Category Archives: Workforce Engagement

The Real Cost of Disengaged Workers

While employee engagement has been the topic of several posts, including our previous one, it is less common to hear people speak in specific terms about the real, often hidden, costs associated with disengagement.

During recent meetings with our Partners in Improvement these costs were discussed in detail. The Partners concluded that disengaged employees create a negative and expensive ripple effect throughout an organization, and drive-up costs five specific ways:

  1. Higher turnover: Disengaged employees leave their employers as soon as they see a better opportunity. This turnover increases the costs of recruiting, on-boarding, and training, which typically range between 16% – 22% of salary for low-to-mid-level employees, and significantly more for higher-level executives based on a Center for American Progress study.In addition, every new hire brings a risk of a bad fit, and every employee leaving an organization takes with him or her some organizational knowledge that might have been helpful to that organization in future decisions.
  2. Lower productivity, lower profitability: Disengaged employees don’t go the extra mile; they do not make an extra effort when faced with a challenge, and don’t put forth the same discretionary effort that an engaged person will make. A 2013 article from the Harvard Business Review concluded that organizations that cultivate high employee engagement yield a 22% increase in productivity over the norm.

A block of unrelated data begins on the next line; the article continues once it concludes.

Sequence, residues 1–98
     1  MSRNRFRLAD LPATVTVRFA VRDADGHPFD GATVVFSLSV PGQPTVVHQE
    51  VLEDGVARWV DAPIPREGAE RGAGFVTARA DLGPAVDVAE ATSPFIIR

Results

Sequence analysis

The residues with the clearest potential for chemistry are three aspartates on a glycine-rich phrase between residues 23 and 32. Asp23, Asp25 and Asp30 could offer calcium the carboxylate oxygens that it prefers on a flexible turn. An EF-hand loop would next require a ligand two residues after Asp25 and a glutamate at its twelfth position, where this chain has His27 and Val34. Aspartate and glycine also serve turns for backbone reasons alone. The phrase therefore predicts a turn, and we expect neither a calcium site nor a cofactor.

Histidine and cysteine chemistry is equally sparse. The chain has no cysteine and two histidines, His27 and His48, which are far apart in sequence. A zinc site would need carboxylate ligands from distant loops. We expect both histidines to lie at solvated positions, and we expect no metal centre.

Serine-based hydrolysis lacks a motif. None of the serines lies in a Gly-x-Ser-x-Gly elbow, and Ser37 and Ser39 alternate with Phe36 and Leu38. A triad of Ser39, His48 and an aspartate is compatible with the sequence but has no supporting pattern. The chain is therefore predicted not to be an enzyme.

3. Little or no process improvement: Improvement requires engagement — a willingness to design and conduct experiments, a willingness to take risks to try something new and potentially better. However, disengaged employees tend to focus on their personal agendas and see little upside in trying something new to forward the organization’s goals.
  4. Higher pay: When we say about someone, “They are only in it for the money,” we are observing disengagement. While money is important to nearly everyone, if that is the only motivation, there is no genuine engagement. As the behavioral economist, Dan Ariely, said, “Money is the most expensive way to motivate someone.” Organizations that are unable to create an environment that intrinsically engages their employees must pay them more to keep and motivate them.
  5. The associated cost of lost opportunities is difficult to calculate; but it is significant and probably far greater than any of the direct costs outlined above.

In our next post we’ll share five ways to reduce these costs.

Ten Things Engaged Workers Say…

Data presented by Gallup during a recent event was very compelling, and might well give organizational leadership some clear targets for better-engaging their workforce.

Based on the research shared, here are ten things that engaged workers tend to say:

  1. I’ve been recognized for my work in the past 7 days
  2. My supervisor seems to care about me
  3. Someone at work encourages my development
  4. My opinions seem to count at work
  5. In the past 6 months someone has talked about my development
  6. I know what’s expected of me at work
  7. I have the opportunity to learn at work
  8. I have the opportunity to use my strengths at work
  9. The company’s mission, values and goals make me feel that my work is important
  10. I have a best friend at work

Leadership, Engagement & Continuous Improvement

Leadership is getting people to want to do what needs to be done, and it provides the energy for change as well as the commitment to sustain it.

This aspect of leadership is critically-important if an organization hopes build and sustain culture of continuous improvement in which employees are truly engaged, and in which measurable improvement goals are achieved through people.